Friday, December 20, 2013


Implicit conversion can be a big problem in SQL Server that can slow down your queries by orders of magnitude -- even with relatively low row counts.

First of all, what is implicit conversion? When two values are compared in an expression, the data types should match. If they don't match, SQL Server will implicitly (without being told) convert one data type into the other so that they match. After they match, then SQL Server can make the comparison.

Implicit conversion can be identified and corrected in many cases and it's most easily done in the query itself with explicit CAST and CONVERT statements. But what happens when joining two tables together with keys of different data types?

When sets are overlapped (with a JOIN or with a subquery in an IN operator), each set has a key which correlates them together. If those keys are the same data type (but not simply compatible data types), then indexes which exist on the keys can be directly used to speed up the correlation. However, if the two data types are not the same, SQL Server must implicitly convert the data types and it can no longer use those indexes. So basically, all that work you did to make those indexes finely tuned and optimized gets thrown out the window because they will never be used.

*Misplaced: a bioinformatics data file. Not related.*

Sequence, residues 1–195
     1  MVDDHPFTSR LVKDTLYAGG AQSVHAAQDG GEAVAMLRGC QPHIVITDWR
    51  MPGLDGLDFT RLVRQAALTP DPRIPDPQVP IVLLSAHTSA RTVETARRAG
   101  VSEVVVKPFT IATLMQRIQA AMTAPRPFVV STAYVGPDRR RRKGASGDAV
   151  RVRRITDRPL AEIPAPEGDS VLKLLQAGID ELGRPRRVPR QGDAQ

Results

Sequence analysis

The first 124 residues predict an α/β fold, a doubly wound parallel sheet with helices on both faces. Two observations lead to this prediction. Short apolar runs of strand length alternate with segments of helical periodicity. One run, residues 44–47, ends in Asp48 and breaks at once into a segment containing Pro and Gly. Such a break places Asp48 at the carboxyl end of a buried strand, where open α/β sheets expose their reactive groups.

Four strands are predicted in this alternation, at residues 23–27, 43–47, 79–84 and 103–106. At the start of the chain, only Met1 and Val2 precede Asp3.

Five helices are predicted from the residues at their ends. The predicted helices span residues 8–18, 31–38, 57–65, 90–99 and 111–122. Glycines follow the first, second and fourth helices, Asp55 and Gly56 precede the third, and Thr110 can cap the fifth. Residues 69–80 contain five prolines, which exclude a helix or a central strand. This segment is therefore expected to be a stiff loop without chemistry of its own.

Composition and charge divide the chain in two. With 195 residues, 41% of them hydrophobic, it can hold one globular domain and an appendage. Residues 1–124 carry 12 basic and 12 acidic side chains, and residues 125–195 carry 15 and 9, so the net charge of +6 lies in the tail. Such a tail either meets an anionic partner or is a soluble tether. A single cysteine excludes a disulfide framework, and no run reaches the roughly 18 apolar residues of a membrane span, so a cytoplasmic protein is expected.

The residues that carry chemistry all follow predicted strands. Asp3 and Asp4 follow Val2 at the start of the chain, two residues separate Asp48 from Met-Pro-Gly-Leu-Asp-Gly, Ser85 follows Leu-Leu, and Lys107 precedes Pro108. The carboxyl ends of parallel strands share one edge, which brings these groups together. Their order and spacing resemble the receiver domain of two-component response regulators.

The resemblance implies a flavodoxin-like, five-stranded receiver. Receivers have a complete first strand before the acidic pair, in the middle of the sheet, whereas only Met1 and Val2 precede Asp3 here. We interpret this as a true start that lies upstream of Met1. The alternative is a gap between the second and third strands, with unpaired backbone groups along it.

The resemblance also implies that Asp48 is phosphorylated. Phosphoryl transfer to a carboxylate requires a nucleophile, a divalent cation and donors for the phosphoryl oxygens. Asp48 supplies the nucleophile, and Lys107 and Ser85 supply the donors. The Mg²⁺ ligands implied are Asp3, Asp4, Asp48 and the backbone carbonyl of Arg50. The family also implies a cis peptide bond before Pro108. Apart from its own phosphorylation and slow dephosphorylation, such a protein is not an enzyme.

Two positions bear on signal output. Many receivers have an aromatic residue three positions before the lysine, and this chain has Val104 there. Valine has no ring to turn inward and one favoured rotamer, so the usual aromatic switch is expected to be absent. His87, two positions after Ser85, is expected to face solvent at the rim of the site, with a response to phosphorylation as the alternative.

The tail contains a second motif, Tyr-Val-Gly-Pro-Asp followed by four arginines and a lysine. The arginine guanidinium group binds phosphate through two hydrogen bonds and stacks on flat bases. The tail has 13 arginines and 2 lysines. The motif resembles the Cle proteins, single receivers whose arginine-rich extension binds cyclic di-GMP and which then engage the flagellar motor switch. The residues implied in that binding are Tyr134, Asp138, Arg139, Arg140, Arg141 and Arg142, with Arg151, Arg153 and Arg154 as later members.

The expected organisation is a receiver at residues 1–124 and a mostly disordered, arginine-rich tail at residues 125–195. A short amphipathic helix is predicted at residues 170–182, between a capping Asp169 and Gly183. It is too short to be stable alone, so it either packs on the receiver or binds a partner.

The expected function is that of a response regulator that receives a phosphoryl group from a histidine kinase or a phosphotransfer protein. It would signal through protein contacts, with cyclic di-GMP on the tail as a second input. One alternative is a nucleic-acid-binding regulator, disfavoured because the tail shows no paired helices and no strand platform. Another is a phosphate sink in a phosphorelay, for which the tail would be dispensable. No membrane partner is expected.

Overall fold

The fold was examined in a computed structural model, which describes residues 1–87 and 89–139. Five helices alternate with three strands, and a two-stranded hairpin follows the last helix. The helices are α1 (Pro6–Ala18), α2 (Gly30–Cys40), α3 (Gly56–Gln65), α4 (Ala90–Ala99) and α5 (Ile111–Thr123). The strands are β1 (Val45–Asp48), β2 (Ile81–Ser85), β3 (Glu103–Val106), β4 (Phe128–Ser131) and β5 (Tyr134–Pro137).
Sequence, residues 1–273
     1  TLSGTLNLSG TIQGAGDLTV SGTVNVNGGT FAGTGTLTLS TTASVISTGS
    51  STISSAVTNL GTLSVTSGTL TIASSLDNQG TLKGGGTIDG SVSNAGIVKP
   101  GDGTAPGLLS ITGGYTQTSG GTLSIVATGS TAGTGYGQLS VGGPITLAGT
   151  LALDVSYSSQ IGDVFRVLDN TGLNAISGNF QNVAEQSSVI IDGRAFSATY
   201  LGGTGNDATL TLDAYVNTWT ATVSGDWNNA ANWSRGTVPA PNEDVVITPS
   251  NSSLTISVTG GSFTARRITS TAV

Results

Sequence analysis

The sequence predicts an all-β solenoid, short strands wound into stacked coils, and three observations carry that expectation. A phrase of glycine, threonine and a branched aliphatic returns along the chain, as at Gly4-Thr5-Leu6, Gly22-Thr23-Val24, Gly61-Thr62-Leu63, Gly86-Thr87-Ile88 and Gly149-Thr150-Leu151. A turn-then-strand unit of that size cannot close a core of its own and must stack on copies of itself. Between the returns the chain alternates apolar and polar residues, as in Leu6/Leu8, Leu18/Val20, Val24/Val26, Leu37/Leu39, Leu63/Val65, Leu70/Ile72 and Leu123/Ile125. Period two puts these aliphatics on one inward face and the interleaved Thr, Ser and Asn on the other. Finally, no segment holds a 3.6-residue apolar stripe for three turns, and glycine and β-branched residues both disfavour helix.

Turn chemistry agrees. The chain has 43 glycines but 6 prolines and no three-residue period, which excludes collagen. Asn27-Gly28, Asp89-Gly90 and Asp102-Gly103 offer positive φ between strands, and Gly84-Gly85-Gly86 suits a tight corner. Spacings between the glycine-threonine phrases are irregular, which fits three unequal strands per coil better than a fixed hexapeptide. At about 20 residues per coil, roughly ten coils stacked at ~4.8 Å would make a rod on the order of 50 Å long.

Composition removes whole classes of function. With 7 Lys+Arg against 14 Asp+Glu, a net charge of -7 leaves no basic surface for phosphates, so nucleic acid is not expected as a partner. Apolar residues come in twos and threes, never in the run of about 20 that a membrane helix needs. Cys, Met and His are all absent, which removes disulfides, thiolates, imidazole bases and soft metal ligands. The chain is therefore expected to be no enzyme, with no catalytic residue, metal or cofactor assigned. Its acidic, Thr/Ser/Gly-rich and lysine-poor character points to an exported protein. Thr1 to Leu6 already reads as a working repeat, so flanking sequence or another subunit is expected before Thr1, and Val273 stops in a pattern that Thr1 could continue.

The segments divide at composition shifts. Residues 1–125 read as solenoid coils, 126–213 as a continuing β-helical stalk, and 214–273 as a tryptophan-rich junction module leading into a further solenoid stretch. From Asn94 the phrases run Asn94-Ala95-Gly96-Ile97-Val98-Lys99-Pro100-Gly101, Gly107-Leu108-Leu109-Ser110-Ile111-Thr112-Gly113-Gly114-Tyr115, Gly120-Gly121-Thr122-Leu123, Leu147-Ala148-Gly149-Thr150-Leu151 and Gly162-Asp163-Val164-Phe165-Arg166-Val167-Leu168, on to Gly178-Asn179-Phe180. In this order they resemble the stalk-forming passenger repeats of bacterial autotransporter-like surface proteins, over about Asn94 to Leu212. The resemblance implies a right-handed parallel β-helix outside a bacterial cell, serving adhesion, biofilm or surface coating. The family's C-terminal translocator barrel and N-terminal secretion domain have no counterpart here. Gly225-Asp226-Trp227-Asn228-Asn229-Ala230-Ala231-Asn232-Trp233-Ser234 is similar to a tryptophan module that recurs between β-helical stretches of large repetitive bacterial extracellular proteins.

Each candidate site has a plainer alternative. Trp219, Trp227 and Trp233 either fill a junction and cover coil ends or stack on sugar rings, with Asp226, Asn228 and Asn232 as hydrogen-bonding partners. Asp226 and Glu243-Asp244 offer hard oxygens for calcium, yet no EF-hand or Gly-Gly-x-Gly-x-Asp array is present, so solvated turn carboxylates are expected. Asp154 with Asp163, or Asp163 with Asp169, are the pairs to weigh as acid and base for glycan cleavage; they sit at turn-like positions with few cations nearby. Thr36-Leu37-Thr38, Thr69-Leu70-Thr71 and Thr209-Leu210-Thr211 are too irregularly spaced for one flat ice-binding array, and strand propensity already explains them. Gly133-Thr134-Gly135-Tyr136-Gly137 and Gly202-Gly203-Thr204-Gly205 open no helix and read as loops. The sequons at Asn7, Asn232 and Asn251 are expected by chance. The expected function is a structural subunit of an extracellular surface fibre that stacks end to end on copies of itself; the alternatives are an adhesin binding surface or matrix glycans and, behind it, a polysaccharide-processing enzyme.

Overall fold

Look at this snippet of an execution plan:

Above, an implicit conversion is happening inside the COMPUTE SCALAR nodes in this execution plan. You can see that almost half a million rows are being scanned from Table3. Notice that the compile time is almost 4 seconds. Client statistics of 10 runs revealed that this query takes an average of 2892ms to run.

COMPUTE SCALAR is actually converting nvarchar(15) in Table3 to char(10), and it's doing it 500,000 times! Is all that work really necessary?! Not at all.

Look what happens when I change the data type of the base table Table3 to char(10). Note that SQL Server will complain about this conversion because it could result in a loss of data, but in my case, I verified that it would not have.

Above, first notice that the anonymizer has changed Table3 to Table4. Furthermore, there is no implicit conversion and the indexes can and in fact are being seeked. Instead of scanning 500,000 rows, you now see it's seeking 112 and 7. A tiny change has radically altered the dynamics of this query. Notice other stats, like the fact that it ran in almost 1/40th (3%!) of the time. Client statistics confirm the speedup.

Your mileage may vary, of course, but always look out for CONVERT_IMPLICIT!

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